Geoff Norcott: Right Leaning but Well Meaning

There’s one point during Geoff Norcott’s latest show when it really flies, when you sense he really has most of the audience on his side — even though at least one or two of them must have seen him already use the material on his regular five minute slot on BBC Two’s The Mash Report. Not that the rest of the show is dull; quite the opposite. His low-key defensiveness genuinely gives edge to proceedings.

What Norcott hopes to achieve, apparently, is to fly into somebody else’s echo chamber and engage in some light-hearted conversation without it descending into a shouting match.

It helps that Norcott’s a naturally funny man; never one to miss the chance for a joke. Yet his default attitude is best described as ‘wary’—softly spoken, self-mocking, and constantly trying to ‘work out’ his audience and the extent to which it contains ‘Guardian sensibilities’ he can then metaphorically poke with a stick. Although some of his targets are obvious — Jeremy Corbyn’s Labour party, Vince Cable’s Liberal Democrats — as a self-described ‘socially-liberal conservative’ he’s not happy with the current leadership of the Conservative party either, especially after their dismal election campaign and alliance with the DUP.

Admittedly, the show is something of a mixed bag. Many of Norcott’s comedic routines are based on his family — especially his disabled, trade unionist father — or incidents which happened to him while he and his socialist wife were on holiday. Norcott also has some pretty good, solid material on the subject of recently becoming a father, and how it makes him feel — especially his confused reaction to whether or not he should equally share in child-rearing duties. But then there’ll be a swerve so sharp onto the subject of Donald Trump that’s even he knows the audience has noticed.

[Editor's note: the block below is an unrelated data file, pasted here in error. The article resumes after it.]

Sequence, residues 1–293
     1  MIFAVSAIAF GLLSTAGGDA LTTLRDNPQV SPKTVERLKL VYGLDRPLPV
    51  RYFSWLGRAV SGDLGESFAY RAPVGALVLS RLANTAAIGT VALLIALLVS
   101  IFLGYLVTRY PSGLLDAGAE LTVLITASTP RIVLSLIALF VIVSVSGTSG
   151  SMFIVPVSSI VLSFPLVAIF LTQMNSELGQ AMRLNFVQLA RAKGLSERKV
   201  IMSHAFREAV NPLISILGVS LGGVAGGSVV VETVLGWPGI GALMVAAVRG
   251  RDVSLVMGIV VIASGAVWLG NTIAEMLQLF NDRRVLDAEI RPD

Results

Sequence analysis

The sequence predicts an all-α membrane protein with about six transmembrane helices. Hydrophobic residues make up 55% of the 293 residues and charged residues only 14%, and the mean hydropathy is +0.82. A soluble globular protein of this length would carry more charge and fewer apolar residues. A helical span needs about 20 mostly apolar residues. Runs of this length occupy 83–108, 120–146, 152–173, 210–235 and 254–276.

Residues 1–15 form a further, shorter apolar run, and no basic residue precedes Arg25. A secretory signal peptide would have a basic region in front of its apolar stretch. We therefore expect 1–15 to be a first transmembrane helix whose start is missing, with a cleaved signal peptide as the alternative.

What Norcott hopes to achieve, apparently, is to fly into somebody else’s echo chamber and engage in some light-hearted conversation without it descending into a shouting match. Against that standard, his current show would seem to be a success; on the night of this review no one in the audience proved willing to take Norcott up on his regular offer of a ‘heckle amnesty’. I’m just not sure whether he was relieved or disappointed.

Reviews by Paul F Cockburn

Traverse Theatre

Arctic Oil

★★★★
Multiple Venues

Scotties

★★★★
Multiple Venues

Nests

★★★
Dundee Rep Theatre / Macrobert Arts Centre

The Yellow on the Broom

★★★
Underbelly, Bristo Square

Tom Neenan: It's Always Infinity

★★★★
Assembly George Square Studios

Police Cops in Space

★★★★★

Performances

Location

The Blurb

'Objectively funny regardless of your political leaning' **** (Fest). 'Absolute tonic' **** (Telegraph). As seen on Question Time (BBC One) and Edinburgh Nights (BBC Two). Written for Alternative Election (Channel 4), 8 Out Of 10 Cats (Channel 4), The Sarah Millican Television Programme (BBC Two) and Live at the Apollo (BBC One). Tour support for Katherine Ryan.